This diehard Knicks fan bought tickets with bitcoin in 2013—they're now worth almost $30,000

Knicks guard J.R. Smith taking a shot during the Christmas Day game that Alex Taub attended. The bitcoin Taub traded for his tickets is now worth $30,000.
Nathaniel S. Butler | National Basketball Association | Getty Images

The New York Knicks are back in the playoffs for the first time in eight years, with the team already making headlines for the sky-high prices fans are willing to pay to watch their team play postseason basketball.

But even the priciest tickets to this weekend's Knicks-Hawks series opener pale in comparison to the pair of third-row seats that Alex Taub agreed to buy from a friend on Christmas Eve 2013. At the time $550 was below face-value, and the tickets were considered a deal. But there was one big catch: Taub had asked if he could pay with bitcoin.

When Taub bought his tickets with 0.7688 bitcoin, one token was worth about $730. As of Saturday morning, one bitcoin was worth $38,219, making the value of those tickets just shy of $30,000.

Taub, now the CEO of social networking start-up Upstream, says that at the time, getting Christmas Day tickets and not needing to spend any cash made it feel like he was getting into Madison Square Garden for free. On top of that, as an employee of the e-commerce company Dwolla, Taub was early to bitcoin and had bought some when it worth just $4 per token.

It wasn't until years later that it dawned on him how lopsided a trade he had made. In 2017 Taub tweeted that the tickets were "looking like they could become the most overpriced tix of all time" when he realized they were worth $5,000.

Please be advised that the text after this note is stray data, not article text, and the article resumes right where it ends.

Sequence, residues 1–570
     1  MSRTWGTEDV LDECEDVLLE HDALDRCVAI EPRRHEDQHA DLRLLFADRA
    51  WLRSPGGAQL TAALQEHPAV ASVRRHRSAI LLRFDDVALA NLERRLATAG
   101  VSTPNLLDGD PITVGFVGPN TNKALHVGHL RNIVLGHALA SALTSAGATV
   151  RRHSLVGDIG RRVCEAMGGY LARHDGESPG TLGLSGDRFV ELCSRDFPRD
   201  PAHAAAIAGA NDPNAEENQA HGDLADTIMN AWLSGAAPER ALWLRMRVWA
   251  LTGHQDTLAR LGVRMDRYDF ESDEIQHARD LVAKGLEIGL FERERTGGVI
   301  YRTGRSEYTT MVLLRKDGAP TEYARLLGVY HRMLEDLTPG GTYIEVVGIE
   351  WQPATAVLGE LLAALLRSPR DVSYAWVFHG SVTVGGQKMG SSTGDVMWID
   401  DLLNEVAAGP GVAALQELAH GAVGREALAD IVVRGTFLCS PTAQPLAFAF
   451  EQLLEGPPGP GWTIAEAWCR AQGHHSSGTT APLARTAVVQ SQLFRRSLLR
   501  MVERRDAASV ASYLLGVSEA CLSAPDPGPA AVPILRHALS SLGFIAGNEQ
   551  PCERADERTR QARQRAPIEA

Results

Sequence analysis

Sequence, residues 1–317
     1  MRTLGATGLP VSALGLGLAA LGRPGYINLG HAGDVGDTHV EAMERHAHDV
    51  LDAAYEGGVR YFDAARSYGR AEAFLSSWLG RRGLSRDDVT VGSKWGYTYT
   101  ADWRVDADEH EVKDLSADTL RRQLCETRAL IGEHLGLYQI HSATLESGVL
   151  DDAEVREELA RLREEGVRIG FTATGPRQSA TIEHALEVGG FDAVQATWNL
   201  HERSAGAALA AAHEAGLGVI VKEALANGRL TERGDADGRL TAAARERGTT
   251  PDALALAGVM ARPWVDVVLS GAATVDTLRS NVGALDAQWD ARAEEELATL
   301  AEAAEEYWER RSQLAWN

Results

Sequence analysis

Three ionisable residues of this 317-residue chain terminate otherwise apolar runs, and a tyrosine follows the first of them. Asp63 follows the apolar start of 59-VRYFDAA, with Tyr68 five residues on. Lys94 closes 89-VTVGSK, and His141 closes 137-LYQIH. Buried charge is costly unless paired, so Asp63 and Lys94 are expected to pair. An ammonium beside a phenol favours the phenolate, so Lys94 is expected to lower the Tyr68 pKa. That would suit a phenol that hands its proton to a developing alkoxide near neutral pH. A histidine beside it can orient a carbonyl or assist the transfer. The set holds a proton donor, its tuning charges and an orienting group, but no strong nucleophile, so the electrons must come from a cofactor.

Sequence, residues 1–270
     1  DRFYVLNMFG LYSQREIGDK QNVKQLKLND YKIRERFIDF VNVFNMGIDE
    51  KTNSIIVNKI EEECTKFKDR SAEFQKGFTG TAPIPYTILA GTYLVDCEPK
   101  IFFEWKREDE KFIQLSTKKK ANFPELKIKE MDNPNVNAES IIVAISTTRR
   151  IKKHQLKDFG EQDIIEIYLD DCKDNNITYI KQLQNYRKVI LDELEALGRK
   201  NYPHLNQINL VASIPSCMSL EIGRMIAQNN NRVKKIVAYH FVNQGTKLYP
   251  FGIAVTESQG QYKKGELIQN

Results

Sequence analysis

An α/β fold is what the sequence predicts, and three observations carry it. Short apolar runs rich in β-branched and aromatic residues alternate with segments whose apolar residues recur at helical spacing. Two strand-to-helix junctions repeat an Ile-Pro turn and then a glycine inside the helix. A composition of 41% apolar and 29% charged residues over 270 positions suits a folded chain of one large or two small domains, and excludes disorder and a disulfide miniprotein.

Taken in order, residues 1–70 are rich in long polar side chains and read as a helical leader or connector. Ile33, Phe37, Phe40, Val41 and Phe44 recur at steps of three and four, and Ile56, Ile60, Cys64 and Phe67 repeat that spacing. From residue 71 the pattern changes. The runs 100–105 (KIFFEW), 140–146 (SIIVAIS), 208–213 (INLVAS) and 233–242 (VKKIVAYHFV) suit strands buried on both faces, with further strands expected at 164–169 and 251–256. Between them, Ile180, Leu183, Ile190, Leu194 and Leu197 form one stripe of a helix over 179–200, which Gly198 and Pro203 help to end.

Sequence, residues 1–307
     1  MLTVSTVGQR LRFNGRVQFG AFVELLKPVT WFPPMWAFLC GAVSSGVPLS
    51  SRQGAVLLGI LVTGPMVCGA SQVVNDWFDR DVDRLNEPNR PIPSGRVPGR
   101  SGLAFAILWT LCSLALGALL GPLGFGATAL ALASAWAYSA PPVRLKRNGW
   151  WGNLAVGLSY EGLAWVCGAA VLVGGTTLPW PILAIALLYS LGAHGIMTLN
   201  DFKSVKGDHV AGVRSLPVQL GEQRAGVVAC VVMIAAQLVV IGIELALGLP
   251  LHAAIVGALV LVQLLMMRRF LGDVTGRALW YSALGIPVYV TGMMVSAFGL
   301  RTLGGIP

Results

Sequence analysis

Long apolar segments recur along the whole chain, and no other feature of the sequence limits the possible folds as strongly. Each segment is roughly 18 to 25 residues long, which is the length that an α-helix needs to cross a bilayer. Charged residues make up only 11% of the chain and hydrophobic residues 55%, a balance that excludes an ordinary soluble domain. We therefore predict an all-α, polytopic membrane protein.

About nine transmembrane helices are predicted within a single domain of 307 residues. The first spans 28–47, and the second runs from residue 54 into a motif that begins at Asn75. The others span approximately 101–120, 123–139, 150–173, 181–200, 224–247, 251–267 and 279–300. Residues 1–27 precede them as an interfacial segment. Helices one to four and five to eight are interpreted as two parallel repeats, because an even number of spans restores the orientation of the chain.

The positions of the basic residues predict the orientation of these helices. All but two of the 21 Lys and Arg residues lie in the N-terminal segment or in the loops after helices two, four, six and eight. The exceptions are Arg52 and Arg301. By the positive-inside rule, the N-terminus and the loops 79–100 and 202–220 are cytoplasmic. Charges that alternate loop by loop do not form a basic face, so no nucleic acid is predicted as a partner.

The transaction has only gotten worse with age. At bitcoin's all-time high price of $64,829 earlier this year, the bitcoin Taub traded for the seats was worth $49,840.

And to add insult to injury, the Knicks lost the Christmas Day game 123-94, with Kevin Durant dropping 29 points and Russell Westbrook adding 10 assists.

"They got blown out," Taub says, adding that his beloved Knickerbockers "wore their ugliest jerseys."

Talking about it now, Taub can't help but laugh. Though he wouldn't mind having the extra bitcoin in his wallet, he doesn't regret making the trade.

"In hindsight, clearly it would be nice to have the money," he tells CNBC Make It. "But at the same time, if you start to harp on this stuff you're going to be immobilized, you're going to be frozen and not be able to function." 

And while Taub lives in Miami now and is considering driving up to Atlanta to catch the Knicks next week, he had a blunt answer when asked if he'll consider paying with crypto again. 

"Not happening," he says. "I will not be using speculative currency to buy Knicks tickets again." 

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